Definition of Money illusion:
Belief that money (specifically, a currency) represents a constant value.
Money illusion is sometimes also referred to as price illusion.
Belief that money has a fixed value in terms of its purchasing power, so that, for example, changes in prices represent real gains and losses.
Money illusion is an economic theory stating that people have a tendency to view their wealth and income in nominal dollar terms, rather than in real terms. In other words, it is assumed that people do not take into account the level of inflation in an economy, wrongly believing that a dollar is worth the same as it was the prior year.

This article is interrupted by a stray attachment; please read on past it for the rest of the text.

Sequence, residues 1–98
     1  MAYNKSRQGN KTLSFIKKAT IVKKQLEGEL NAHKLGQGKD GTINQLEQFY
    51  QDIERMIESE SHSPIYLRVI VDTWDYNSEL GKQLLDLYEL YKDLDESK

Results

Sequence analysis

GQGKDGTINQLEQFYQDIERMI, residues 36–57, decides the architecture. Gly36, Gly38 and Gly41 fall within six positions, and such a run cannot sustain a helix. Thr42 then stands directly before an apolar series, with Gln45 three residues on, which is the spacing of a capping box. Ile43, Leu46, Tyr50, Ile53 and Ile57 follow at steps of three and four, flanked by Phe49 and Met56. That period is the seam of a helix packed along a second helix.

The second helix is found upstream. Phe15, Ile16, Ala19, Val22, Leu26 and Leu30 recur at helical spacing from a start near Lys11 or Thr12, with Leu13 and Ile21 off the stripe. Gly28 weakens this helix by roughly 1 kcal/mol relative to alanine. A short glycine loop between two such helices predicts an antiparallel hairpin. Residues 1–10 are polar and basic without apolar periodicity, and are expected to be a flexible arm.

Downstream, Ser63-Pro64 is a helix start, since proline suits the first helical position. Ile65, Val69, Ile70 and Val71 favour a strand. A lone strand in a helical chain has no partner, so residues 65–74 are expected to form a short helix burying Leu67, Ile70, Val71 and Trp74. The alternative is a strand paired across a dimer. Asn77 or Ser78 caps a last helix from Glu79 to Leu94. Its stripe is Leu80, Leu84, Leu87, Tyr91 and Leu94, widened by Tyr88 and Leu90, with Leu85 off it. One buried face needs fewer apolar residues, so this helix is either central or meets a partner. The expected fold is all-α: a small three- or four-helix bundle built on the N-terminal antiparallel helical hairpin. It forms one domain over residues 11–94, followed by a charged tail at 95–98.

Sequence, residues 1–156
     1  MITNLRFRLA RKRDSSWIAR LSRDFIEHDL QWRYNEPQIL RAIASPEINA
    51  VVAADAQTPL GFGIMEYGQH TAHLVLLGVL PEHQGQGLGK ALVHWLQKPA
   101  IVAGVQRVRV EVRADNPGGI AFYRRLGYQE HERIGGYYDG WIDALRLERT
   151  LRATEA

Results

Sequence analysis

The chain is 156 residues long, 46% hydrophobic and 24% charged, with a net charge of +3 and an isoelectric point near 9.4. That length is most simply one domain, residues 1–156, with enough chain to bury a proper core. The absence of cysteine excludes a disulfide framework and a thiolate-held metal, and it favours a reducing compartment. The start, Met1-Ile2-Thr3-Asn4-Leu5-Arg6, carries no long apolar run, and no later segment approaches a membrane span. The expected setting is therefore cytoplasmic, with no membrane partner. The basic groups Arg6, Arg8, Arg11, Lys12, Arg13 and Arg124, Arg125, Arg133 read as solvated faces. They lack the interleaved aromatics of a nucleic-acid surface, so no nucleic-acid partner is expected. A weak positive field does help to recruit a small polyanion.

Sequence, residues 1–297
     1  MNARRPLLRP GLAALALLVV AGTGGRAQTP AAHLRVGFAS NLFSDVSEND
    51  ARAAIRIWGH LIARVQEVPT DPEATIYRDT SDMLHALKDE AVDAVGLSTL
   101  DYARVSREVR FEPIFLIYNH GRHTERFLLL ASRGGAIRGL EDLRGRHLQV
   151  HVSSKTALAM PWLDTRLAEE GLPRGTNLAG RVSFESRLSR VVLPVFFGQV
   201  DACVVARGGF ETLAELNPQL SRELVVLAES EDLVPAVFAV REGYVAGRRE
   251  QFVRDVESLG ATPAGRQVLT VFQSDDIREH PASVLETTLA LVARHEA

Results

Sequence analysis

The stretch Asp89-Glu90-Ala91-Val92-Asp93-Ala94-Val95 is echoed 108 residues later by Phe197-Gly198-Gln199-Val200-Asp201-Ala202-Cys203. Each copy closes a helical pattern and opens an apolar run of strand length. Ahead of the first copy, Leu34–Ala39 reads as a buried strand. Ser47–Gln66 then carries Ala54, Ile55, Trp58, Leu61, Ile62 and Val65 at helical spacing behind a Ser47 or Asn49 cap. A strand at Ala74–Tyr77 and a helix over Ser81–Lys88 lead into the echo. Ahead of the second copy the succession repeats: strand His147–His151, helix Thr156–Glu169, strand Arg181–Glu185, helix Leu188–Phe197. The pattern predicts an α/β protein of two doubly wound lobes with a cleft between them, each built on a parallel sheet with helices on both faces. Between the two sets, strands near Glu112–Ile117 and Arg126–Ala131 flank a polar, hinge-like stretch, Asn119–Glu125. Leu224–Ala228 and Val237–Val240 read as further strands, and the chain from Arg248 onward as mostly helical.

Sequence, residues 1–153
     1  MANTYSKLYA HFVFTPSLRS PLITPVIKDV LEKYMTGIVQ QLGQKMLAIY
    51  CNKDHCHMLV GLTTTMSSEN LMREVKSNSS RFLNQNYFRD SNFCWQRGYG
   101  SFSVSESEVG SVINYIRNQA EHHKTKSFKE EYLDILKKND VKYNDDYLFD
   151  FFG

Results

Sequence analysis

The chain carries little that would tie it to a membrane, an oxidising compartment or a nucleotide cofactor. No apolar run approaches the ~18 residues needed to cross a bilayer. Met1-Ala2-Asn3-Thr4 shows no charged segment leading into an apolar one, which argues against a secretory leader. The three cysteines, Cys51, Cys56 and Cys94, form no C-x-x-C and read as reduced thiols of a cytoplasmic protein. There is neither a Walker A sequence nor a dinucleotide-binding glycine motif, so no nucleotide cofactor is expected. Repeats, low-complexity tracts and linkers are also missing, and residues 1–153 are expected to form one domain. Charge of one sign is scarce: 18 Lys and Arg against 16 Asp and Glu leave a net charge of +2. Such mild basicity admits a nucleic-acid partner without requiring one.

How to use Money illusion in a sentence?
- Ignoring the effects of this productivity growth is akin to money illusion in periods of inflation.
- Economists cite factors such as a lack of financial education, and the price stickiness seen in many goods and services as triggers of money illusion.
- Money illusion posits that people have a tendency to view their wealth and income in nominal dollar terms, rather than recognize its real value, adjusted for inflation.
- Employers are sometimes said to take advantage of this, modestly lifting wages in nominal terms without actually paying more in real terms.
Meaning of Money illusion & Money illusion Definition